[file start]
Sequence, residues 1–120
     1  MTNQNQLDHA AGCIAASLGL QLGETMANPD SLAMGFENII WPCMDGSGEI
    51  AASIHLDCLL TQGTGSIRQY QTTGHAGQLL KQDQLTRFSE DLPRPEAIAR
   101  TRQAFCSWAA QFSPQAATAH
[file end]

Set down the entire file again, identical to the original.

Sequence, residues 1–120
     1  MTNQNQLDHA AGCIAASLGL QLGETMANPD SLAMGFENII WPCMDGSGEI
    51  AASIHLDCLL TQGTGSIRQY QTTGHAGQLL KQDQLTRFSE DLPRPEAIAR
   101  TRQAFCSWAA QFSPQAATAH